Being based on a DCS, Patroni’s job is greatly simplified. A brief description of how it operates follows:
In other words, the HA software is greatly simplified by offloading the distributed consensus to the external DCS, at the cost of higher operational complexity. However, this means that the DCS already provides very strong correctness guarantees, and the confidence on the solution is significantly higher.
If we would factor in other considerations that are required for HA, that also need to be taken into account even with Patroni, the HA architecture may look similar to that of the following (simplified) diagram:
Apart from the extra operational complexity due to the use of an external DCS, Patroni has another significant drawback: as its own definition states, it is a "template", and not a full-blown HA solution. This means that extra work (could be significant) is required to implement the "missing pieces" (mostly entrypoint and fencing, which are heavily environment dependent).
Patroni itself is not a standalone component of the architecture, but it is rather deeply integrated with PostgreSQL. In particular, Patroni:
There is one Patroni per PostgreSQL node, as they are bundled together within the same instance. Indeed, Patroni is the process launched by the init program, and it launches, in turn, PostgreSQL.
Consul is the recommended DCS as it is already used by GitLab and shipped with Omnibus. It is in turn recommended that Patroni will communicate with Consul via a Consul Agent, which acts as a proxy. Thus every Patroni has connection to the Consul Agent.
Patroni also exposes an HTTP API. This API could by used for dynamic Patroni’s or even PostgreSQL’s reconfiguration, but in our case it’s mostly interesting to serve the health check for the load balancer that will serve as the entry point for the application.
Patroni exposes the two following URLs:
With this information it is easy to construct URLs for the health check of the entrypoint. For a read-write channel, the /master URL could be used. At most one node would respond to 200 to this URL, and the load balancer of the entry point would route connections, always, to the master.
The entrypoint is the mechanism by which PostgreSQL clients connect to the PostgreSQL instances. While on a "normal" scenario this is simple (for instance you may hardcode the IP and port), it doesn’t work on a dynamic scenario where the master node is a parameter subject to change dynamically.
GCP internal load balancers (ILB) may be used for the purpose of serving as an entry point. Consider a read-write connection to PostgreSQL. On the ILB one proxied service may be created for the PostgreSQL cluster.
The ILB will expose a virtual IP (provided by its internal high-availability mechanism) to PostgreSQL clients. At the same time, the ILB will use the health check URLs provided by Patroni (as previously described) and that will make the ILB to always point to the correct master, even after a failover.
Certainly, the applications should be (re)-tested to try to re-connect on connection failure (as that is what will be perceived by the application in case of a failover). This is not exclusive to automatic failover, but should be tested in any scenario, always.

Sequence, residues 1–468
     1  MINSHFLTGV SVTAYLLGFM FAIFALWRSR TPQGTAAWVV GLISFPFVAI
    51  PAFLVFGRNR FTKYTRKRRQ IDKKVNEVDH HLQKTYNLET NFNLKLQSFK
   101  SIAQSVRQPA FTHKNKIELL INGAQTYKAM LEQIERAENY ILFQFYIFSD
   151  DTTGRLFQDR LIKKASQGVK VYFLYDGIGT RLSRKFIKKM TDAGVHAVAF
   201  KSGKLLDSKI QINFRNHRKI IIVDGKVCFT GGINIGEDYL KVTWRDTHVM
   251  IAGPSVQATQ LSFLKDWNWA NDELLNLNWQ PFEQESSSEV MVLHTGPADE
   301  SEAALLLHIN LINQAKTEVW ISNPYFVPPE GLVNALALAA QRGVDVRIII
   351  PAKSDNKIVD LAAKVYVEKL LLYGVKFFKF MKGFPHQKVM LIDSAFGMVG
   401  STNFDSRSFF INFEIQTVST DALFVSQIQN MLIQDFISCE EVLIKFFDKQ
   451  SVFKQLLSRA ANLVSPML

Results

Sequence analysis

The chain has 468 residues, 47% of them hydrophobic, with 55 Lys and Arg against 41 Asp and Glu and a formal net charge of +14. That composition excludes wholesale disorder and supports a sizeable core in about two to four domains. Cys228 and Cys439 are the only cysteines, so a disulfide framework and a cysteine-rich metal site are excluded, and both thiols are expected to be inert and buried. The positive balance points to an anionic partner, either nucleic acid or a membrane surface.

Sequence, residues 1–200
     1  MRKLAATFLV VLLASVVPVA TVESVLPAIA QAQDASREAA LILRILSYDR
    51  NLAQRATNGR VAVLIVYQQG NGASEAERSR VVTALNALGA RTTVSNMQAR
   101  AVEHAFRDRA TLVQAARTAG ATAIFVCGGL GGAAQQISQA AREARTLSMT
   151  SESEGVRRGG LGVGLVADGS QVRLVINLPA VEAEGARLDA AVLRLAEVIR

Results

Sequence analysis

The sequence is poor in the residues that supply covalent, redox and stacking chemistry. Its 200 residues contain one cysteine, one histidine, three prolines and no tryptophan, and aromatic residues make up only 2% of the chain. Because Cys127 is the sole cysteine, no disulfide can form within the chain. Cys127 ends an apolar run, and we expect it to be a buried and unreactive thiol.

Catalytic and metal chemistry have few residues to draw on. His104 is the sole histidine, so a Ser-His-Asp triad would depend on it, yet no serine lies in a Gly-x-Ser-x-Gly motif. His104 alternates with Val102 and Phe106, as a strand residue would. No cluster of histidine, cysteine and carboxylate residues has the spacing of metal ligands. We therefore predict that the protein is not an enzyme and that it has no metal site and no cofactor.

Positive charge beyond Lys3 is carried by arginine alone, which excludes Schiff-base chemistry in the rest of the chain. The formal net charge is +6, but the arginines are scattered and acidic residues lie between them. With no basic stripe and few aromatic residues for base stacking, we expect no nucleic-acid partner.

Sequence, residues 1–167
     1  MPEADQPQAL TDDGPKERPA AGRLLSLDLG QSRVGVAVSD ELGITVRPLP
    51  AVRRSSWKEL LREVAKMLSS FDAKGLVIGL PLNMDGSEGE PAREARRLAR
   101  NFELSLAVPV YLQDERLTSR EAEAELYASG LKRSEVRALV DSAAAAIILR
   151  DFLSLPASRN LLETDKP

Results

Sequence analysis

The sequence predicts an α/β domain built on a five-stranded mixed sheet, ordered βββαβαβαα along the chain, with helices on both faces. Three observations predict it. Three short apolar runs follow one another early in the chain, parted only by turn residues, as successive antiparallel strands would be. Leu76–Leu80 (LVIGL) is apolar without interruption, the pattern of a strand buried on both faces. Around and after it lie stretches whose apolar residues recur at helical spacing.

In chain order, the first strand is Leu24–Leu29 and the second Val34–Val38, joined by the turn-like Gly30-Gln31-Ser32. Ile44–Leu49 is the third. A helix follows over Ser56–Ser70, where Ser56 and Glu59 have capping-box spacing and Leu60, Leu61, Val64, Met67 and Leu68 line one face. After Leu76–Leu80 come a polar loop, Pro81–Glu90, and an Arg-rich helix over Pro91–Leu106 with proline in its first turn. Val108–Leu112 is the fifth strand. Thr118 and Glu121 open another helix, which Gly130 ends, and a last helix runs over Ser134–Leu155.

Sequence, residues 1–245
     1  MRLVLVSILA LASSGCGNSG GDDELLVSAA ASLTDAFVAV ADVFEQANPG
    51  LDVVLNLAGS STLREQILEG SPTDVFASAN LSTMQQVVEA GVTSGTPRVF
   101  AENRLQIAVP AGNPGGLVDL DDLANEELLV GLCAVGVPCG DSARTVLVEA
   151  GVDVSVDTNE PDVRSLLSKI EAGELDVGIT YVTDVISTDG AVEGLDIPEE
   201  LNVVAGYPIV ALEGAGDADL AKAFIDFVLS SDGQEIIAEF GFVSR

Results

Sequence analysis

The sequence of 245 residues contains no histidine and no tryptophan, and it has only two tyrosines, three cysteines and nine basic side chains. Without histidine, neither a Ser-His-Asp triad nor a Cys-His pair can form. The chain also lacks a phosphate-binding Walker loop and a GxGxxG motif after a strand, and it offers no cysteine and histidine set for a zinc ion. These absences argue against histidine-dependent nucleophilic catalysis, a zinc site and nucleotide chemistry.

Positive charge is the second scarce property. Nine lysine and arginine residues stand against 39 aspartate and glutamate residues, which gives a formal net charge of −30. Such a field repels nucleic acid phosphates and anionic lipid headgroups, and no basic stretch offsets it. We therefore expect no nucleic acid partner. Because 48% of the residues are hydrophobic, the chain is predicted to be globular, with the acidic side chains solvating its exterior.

A new Patroni cluster is to be provisioned in staging in standby mode, replicating from the existing PostgreSQL cluster. The new cluster should have the same configurations and specs as the existing one. To minimize the maintenance window required to migrate the production PostgreSQL cluster to Patroni, multiple migration rehearsals should be performed in staging until we have a smooth migration plan. After each migration, it is recommended that a full QA suite to be run against staging as a sanity check that nothing has changed from the client perspective.
Patroni should work for self-managed installations the same way it does for GitLab.com, with one difference that is the internal load balancer (ILB) as an entrypoint. GitLab.com uses an ILB because it is cloud-hosted and the ILB is guaranteed to be highly-available, but self-managed installations may not have access to such solution.
Regardless, Omnibus docs already suggest an entrypoint that is pgbouncer, and it can be used in of lieu an ILB. There are two approaches that can be used:
Both approaches can leverage Patroni's API.
For existing self-managed installations that want to migrate from repmgr to Patroni, Patroni can take over a running cluster when configured properly, but it would probably require careful coordination by Omnibus.
Once a Patroni cluster is up and running, adding and/or removing new cluster members happen automatically when a node is newly created and/or decommissioned.
Existing alerts for PostgreSQL and pgbouncer should still function as expected. New metrics for Patroni need to be created as Patroni itself doesn't expose metrics. This can be achieved by scraping Patroni logs to alert on high error rates or if the Patroni process itself is down.
Stolon is a consensus-based high availability solution. Instead of implementing itself a consensus algorithm, it relies on a external service for this purpose, similar to Patroni. This external service could be either etcd, Consul or Kubernetes API.
Stolon has a unique approach to the entry point problem: instead of relying on external components to indicate applications how to route connections to the (current) master, Stolon brings in a network proxy (PostgreSQL-specialized) to serve as an entry point. This is a very good architectural decision, as it allows transparency for the client, self-containment of the HA solution and fencing capabilities (no client can connect to a master that became disconnected from the rest of the nodes, since the proxy won’t allow it). The proxy is fed from the consensus external service, so it always has a consistent view.